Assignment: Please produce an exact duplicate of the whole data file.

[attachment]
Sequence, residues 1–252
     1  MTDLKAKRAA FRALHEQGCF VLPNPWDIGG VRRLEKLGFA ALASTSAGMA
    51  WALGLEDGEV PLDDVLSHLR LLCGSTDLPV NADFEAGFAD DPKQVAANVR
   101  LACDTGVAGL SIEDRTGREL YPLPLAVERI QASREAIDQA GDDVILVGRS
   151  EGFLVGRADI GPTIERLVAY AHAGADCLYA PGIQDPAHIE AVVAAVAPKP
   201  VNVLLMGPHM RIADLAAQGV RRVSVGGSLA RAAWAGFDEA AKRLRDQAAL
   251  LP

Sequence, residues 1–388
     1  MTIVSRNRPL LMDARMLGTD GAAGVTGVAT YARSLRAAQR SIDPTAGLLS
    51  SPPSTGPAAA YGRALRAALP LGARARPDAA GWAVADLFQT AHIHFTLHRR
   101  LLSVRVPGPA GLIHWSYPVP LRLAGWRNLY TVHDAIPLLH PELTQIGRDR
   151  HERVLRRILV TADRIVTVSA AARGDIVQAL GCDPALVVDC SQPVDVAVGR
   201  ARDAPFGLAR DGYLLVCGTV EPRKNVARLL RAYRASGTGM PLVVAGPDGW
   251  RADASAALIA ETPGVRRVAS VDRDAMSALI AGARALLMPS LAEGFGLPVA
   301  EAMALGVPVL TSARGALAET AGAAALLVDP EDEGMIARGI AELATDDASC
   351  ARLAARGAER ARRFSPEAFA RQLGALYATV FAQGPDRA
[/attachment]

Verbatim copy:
Sequence, residues 1–252
     1  MTDLKAKRAA FRALHEQGCF VLPNPWDIGG VRRLEKLGFA ALASTSAGMA
    51  WALGLEDGEV PLDDVLSHLR LLCGSTDLPV NADFEAGFAD DPKQVAANVR
   101  LACDTGVAGL SIEDRTGREL YPLPLAVERI QASREAIDQA GDDVILVGRS
   151  EGFLVGRADI GPTIERLVAY AHAGADCLYA PGIQDPAHIE AVVAAVAPKP
   201  VNVLLMGPHM RIADLAAQGV RRVSVGGSLA RAAWAGFDEA AKRLRDQAAL
   251  LP

Sequence, residues 1–388
     1  MTIVSRNRPL LMDARMLGTD GAAGVTGVAT YARSLRAAQR SIDPTAGLLS
    51  SPPSTGPAAA YGRALRAALP LGARARPDAA GWAVADLFQT AHIHFTLHRR
   101  LLSVRVPGPA GLIHWSYPVP LRLAGWRNLY TVHDAIPLLH PELTQIGRDR
   151  HERVLRRILV TADRIVTVSA AARGDIVQAL GCDPALVVDC SQPVDVAVGR
   201  ARDAPFGLAR DGYLLVCGTV EPRKNVARLL RAYRASGTGM PLVVAGPDGW
   251  RADASAALIA ETPGVRRVAS VDRDAMSALI AGARALLMPS LAEGFGLPVA
   301  EAMALGVPVL TSARGALAET AGAAALLVDP EDEGMIARGI AELATDDASC
   351  ARLAARGAER ARRFSPEAFA RQLGALYATV FAQGPDRA